I didn’t.

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Purse snatchers on the loose in Regional hotels - large sums of cash and valuable jewellery taken.

Crime 100By Staff

October 3, 2016


Halton Regional Police are seeking the public’s assistance in identifying two persons of interest (POI). It’s believed that these two persons are connected to a series of distraction type purse thefts throughout the region of Halton since mid-June.


One of two “persons of interest” the Halton Regional Police would like to talk to – whenever they are around hotel lobbies purses seem to disappear. Better quality cameras would have these suspects in handcuffs by now.

Suspects have been attending hotel restaurants during the breakfast hour and stealing purses left on chairs while patrons are distracted and/or getting food from buffet tables. Many of the victims are females visiting from other countries. As such, they are often carrying passports, jewelry and large sums in cash needed for travel.


Is this someone you think you recognize? Crime Stoppers would like to hear from you.

In one incident in Oakville, it was reported that suspects stole a purse containing approximately $25,000.00 worth of jewelry and $8,000.00 in cash. Police believe that this large amount has motivated those responsible to target additional hotels. Eight similar thefts have occurred in Halton since July 1.

Residents are reminded that anyone can become a victim of a crime of opportunity and the best safeguard is to remain vigilant of your surroundings and keep valuables directly on your person at all times.

Anyone with information about these incidents is asked to contact Detective Tom Hockney at 905-825-4747 ext. 2491 (Milton and Halton Hills), Detective Mick Leighton at 905-825-4747 ext. 2218 (Oakville), or Detective Phil Vandenbeukel at 905-825-4747 ext. 2343 (Burlington).

Tips can also be submitted to Crime Stoppers at 1-800-222-8477 (TIPS), through the web at, or by texting “Tip201” with your message to 274637 (crimes).getting new - yellow

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What does 2334 people gathered into the shape of a J in Spencer Smith Park look like?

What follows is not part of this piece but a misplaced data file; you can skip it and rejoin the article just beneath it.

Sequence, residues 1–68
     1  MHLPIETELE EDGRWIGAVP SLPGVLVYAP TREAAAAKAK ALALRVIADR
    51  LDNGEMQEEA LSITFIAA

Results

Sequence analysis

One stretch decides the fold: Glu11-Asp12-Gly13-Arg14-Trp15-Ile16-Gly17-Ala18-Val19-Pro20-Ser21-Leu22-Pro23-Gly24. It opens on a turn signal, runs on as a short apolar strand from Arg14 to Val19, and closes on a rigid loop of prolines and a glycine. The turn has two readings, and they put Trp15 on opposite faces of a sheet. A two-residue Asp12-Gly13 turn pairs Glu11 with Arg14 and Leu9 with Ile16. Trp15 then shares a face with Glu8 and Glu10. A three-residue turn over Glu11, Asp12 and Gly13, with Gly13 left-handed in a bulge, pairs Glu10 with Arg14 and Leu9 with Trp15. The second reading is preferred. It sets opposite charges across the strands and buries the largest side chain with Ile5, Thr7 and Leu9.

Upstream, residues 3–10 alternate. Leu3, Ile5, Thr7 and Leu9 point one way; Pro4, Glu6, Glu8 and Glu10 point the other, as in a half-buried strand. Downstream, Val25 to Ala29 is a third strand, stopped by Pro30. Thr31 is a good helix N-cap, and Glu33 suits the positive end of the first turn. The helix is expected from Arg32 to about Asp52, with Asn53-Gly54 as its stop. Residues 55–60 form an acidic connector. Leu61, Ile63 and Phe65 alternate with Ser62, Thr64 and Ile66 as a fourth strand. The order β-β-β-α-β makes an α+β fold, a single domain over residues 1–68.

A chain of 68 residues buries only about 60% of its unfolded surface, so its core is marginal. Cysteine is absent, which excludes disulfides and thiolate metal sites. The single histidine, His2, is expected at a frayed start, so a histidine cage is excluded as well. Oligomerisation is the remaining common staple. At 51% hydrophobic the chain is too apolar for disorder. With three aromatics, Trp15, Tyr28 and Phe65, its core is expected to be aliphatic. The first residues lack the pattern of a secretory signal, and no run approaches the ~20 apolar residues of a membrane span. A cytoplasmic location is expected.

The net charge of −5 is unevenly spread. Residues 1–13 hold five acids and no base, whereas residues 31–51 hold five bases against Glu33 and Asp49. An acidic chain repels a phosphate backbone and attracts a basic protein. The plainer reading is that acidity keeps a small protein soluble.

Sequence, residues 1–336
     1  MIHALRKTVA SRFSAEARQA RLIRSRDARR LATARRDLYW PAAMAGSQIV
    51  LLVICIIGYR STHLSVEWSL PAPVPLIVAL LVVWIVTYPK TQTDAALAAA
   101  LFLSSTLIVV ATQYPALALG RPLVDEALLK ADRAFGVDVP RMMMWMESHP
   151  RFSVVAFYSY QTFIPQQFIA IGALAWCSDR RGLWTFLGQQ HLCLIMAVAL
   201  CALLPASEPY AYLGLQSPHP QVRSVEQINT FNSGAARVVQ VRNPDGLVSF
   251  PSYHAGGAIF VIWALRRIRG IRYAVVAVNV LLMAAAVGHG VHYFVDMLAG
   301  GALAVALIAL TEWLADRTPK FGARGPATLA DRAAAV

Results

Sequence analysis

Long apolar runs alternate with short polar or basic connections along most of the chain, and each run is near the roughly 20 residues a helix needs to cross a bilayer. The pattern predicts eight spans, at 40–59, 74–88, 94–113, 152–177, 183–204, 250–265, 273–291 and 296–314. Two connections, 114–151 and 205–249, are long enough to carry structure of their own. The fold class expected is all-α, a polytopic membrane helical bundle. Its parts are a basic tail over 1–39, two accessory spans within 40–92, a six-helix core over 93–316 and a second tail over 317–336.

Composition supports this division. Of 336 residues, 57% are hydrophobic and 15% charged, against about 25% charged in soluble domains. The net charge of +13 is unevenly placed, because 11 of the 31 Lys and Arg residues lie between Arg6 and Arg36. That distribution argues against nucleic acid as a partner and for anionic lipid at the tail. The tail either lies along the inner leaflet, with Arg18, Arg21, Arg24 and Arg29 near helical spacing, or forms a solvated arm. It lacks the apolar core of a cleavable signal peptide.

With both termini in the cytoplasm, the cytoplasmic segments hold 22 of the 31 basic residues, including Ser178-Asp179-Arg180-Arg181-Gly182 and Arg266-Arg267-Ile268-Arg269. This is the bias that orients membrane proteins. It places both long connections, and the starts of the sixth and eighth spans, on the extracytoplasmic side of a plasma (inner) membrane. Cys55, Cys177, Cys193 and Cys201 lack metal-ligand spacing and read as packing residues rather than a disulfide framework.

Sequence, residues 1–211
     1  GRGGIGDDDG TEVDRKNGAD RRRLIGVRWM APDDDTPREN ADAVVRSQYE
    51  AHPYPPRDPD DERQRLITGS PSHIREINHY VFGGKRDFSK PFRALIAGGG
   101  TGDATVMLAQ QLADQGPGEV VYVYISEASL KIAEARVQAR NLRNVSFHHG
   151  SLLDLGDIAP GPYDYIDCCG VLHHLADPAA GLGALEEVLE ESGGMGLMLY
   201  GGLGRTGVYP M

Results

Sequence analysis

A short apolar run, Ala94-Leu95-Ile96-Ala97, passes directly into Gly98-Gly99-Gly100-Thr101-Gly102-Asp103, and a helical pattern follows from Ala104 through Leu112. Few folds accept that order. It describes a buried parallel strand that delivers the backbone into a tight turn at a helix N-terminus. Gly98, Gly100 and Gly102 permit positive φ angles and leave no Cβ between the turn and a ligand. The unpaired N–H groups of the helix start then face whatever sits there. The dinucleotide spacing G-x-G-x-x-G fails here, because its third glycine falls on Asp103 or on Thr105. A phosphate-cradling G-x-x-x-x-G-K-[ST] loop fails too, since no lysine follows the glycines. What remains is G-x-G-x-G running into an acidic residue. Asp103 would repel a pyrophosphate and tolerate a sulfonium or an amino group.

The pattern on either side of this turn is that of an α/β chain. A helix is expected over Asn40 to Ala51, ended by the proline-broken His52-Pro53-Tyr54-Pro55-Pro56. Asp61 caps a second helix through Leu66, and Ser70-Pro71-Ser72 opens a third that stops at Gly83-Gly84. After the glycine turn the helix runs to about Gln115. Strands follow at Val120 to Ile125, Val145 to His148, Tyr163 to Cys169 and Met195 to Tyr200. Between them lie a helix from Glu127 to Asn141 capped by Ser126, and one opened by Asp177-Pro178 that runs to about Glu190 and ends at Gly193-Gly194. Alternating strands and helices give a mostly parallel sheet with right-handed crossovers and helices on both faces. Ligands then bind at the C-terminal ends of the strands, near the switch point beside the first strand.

News 100 redBy Pepper Parr

October 3, 2016



What does 2334 people gathered together in the shape of a J in Spencer Smith Park look like?

You saw it here first in the Gazette.


An additional 1039 people could have filled those empty patches. There is an opportunity for those who didn’t take part to do the right thing with the Paletta Matching $5 million campaign goes into high gear.

Was the reason for falling short of that 3373 + 1 target because of the weather?

There were a number of hearty souls who braved the rain – and it was raining when the first 700 people showed up,

Or was there some other reason – it would be useful for the hospital to fully understand why we didn’t exceed the target.

Is support for the hospital a mile while but just an inch thick?

They will say of course it isn’t – it’s a mile wide and a mile deep. The Gazette doesn’t share that view. It could be and should be a mile wide and a mile deep.

That it does not appear to be so is a serious issue for this community.

Medicine is science; science is based on facts and evidence. It would be worth the while to look at the evidence.

The 2334 total was nothing to sneeze at – but when you look at that magnificent J – there are a lot of empty patches aren’t there?



The objective was to get 3373 + 1 people inside that yellow rope so the person in the cherry picker could verify the count – we have no idea how they did that.

In a media release the hospital Foundation said:

The Joseph Brant Hospital Foundation kicked off its “Join the J” fundraising campaign yesterday in Spencer Smith Park with over 2,334 people forming a giant J. In large part due to significant rain, the attempt fell just short of the goal of breaking a Guinness world record for creating the largest human letter.